It’s easy to feel a bit glum with all the financial news. People are worried about their futures. They’re unsure where to put what little money they have left. Everyone is wondering what comes next.
Clearly, I have no better ideas than you on that, but I do have some thoughts on what you can do to prepare for the news ahead. These tactics all fall into the bucket of “if apples all start falling off the tree, at least try to be the shiniest, best-placed, easy to pick up apple out there” school of thought.
With that said, here are some thoughts for you.
First: Be Proactive
In a situation where everyone’s repeating the gloomy news, I advocate that you put your house in order. Other, much better websites will give you the how-to for your financials. I’m thinking about you, your career, and the face you show the world on the web.
- Google yourself and see what shows up. If it’s not what you WANT to have show up, start building up a main site, and pointing to it using outposts.
- Tidy up your LinkedIn profile. I’ve shown you before how to improve your LinkedIn Profile and how to make your LinkedIn profile for your future. Get cracking.
- Get on Twitter. Make sure you have a nice avatar, and easy to remember name. (Amazing how some folks don’t do this.)
- Then, start using Twitter Search intelligently. Look for search terms that make sense for you. (Try this query as an example.)
- Make your blog ready for business. Or, make your blog a business unto itself.
- Pick up great financial advice from trusted sources, so that you can live within your means.
- Look for discounts, like 50% off attending a great conference (email me to see if I have more tickets left – cbrogan at crosstechmedia dot com). – Plug for my conference, but hey. Financial in nature.
- Build conversational relationships with other business people in similar roles at other organizations on Facebook, on LinkedIn, and elsewhere AHEAD of needing the job.
- If your job is location-specific, start a local community blog targeted for business types in your area. Make it about the community at large, but feature prominently in it. Share this information with local news sources, local press, on Craigslist, etc.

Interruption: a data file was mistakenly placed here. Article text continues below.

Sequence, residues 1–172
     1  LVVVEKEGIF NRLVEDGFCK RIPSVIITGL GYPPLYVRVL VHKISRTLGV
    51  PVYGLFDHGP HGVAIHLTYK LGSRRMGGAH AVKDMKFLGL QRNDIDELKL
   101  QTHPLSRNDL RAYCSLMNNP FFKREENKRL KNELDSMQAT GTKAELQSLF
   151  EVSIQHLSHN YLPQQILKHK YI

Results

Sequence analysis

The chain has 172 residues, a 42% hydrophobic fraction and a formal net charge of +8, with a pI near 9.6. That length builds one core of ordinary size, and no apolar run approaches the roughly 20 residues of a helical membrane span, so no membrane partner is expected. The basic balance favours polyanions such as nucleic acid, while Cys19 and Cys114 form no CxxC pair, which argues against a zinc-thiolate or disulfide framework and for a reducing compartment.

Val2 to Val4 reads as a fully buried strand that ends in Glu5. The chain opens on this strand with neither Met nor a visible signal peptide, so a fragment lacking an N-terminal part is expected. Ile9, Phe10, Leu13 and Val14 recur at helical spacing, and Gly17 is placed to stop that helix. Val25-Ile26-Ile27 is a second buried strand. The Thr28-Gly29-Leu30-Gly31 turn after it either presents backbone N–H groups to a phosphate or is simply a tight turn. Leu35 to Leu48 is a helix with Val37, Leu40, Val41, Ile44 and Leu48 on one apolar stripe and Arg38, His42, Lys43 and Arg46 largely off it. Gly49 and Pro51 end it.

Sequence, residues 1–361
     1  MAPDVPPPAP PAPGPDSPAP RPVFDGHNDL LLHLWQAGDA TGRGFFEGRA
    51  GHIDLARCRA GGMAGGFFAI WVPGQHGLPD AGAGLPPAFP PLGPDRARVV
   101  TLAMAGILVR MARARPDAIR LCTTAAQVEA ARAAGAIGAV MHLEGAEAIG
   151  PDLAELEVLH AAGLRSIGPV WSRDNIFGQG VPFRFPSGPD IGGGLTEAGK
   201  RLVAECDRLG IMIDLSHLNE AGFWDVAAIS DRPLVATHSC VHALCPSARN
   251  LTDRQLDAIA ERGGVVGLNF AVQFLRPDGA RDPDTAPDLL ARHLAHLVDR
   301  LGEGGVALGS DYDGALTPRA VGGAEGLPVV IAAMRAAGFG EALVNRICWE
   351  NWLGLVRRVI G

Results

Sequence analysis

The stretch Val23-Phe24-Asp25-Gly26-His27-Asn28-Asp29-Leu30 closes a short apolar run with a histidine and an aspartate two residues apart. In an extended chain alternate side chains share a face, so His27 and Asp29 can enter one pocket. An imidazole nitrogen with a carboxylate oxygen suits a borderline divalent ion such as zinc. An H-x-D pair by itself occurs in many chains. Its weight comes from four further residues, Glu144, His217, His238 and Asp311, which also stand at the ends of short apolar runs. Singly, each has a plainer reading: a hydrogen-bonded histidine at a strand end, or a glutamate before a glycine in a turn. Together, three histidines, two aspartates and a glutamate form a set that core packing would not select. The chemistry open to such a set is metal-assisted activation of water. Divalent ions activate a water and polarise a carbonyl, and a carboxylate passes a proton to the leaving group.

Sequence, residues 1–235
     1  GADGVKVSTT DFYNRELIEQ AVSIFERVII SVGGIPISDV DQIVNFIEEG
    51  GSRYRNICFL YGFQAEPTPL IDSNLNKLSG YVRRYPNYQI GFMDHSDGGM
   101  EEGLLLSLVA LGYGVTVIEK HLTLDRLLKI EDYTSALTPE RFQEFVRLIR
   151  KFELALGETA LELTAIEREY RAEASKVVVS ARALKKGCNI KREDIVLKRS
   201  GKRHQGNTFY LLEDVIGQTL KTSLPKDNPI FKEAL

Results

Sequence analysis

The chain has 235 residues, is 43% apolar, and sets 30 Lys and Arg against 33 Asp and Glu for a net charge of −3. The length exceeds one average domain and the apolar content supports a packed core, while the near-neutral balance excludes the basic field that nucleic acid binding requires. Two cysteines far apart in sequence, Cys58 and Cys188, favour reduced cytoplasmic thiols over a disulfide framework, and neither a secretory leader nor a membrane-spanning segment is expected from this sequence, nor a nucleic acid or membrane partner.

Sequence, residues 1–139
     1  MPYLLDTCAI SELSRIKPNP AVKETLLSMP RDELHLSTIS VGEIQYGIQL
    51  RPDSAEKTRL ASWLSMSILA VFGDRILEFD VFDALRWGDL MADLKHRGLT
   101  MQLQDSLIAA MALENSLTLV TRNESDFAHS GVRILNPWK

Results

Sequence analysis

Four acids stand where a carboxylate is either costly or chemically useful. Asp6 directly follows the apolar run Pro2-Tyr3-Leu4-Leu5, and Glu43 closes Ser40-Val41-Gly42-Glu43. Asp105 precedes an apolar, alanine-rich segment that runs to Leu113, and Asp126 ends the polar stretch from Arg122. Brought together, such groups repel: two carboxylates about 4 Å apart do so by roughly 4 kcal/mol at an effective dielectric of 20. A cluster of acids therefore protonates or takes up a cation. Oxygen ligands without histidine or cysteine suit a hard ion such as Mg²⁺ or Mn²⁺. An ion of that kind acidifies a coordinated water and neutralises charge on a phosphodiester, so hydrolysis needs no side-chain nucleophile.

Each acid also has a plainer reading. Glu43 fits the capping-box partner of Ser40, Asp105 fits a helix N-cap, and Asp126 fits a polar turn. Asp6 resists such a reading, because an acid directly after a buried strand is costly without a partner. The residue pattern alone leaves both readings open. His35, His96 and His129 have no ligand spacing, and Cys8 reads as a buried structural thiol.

- Take new photos of yourself and upload to Flickr, nicely labeled with who you are, your blog’s URL, etc, so that people might find you and your likeness easily when Googling.
If you’ve got to find new ways to make loot, don’t fret. Just put some effort into finding which money-making opportunity might pay off the best for you. As others are worried about their jobs, why not find ways to augment your earnings in the short term by trying some of these ideas.
- Investigate products you can sell on your website. Consider getting an affiliate account with Commission Junction or LinkShare
- Sell your own educational products on your expertise, especially if it would help retrain someone out of a job.
- Expand your offerings to cover new service or product ideas.
- Shift your existing pricing with the current economy in mind: shorter terms, different payment options, one time deferred first payment, etc.
- Seek stock opportunities to purchase for your portfolio in their depressed state (if you’re into stocks).
- Sell the first ten pieces of advice as consulting to other people in the community out of a job.
- Look for project sharing opportunities, especially if you do something that’s somewhat modular like web work.
- Look for ways to consolidate your business practices with other people. There might be economies involved in partnership that would make a world of difference.
- Find ways to revamp old products or services or offerings and re-sell them today.
- Turn 3 hours of your “after work downtime” into “serious business planning” work time. (It’s 11:40PM as I write this, if this gives you any idea how seriously I treat this step.)
Five Quick DON’Ts
Sorry to end on a negative, but while you’re at it, make sure you don’t fall prey to these kinds of situations.
- Don’t sit around amassing news stories on what’s going wrong. Yep, stuff’s going wrong. Deal.
- Don’t worry that big companies won’t buy your product or service. Find the product or service that they will buy.
- Don’t join groups of fired coworkers, no matter what they say the goal is. They are often pools of negativity, and if those folks also don’t have jobs, why would you look for jobs there anyhow?
- Don’t jump at the first thing just because you like eating. The second thing is almost always right behind it. Give yourself space to evaluate.
Smarter minds than mine will tell you how to weather the storm from the financial perspective, but maybe some of this will help you out.
Any other advice that you want to share with the gang?
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Photo credit, Tony the Misfit